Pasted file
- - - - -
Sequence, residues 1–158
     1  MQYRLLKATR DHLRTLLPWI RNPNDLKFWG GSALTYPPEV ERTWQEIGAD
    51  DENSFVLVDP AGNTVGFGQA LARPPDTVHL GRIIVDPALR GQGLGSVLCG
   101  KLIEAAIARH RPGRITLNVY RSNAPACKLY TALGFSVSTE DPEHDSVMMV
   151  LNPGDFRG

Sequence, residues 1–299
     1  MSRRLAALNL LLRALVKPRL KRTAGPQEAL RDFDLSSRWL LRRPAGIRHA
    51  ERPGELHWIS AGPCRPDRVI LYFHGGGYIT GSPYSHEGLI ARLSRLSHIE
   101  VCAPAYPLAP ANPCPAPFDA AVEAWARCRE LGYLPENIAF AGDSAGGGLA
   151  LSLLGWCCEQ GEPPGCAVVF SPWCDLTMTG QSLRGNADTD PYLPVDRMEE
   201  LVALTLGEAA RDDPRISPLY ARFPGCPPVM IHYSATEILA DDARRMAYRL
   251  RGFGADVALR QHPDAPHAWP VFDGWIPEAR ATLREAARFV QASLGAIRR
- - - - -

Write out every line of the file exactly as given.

Sequence, residues 1–158
     1  MQYRLLKATR DHLRTLLPWI RNPNDLKFWG GSALTYPPEV ERTWQEIGAD
    51  DENSFVLVDP AGNTVGFGQA LARPPDTVHL GRIIVDPALR GQGLGSVLCG
   101  KLIEAAIARH RPGRITLNVY RSNAPACKLY TALGFSVSTE DPEHDSVMMV
   151  LNPGDFRG

Sequence, residues 1–299
     1  MSRRLAALNL LLRALVKPRL KRTAGPQEAL RDFDLSSRWL LRRPAGIRHA
    51  ERPGELHWIS AGPCRPDRVI LYFHGGGYIT GSPYSHEGLI ARLSRLSHIE
   101  VCAPAYPLAP ANPCPAPFDA AVEAWARCRE LGYLPENIAF AGDSAGGGLA
   151  LSLLGWCCEQ GEPPGCAVVF SPWCDLTMTG QSLRGNADTD PYLPVDRMEE
   201  LVALTLGEAA RDDPRISPLY ARFPGCPPVM IHYSATEILA DDARRMAYRL
   251  RGFGADVALR QHPDAPHAWP VFDGWIPEAR ATLREAARFV QASLGAIRR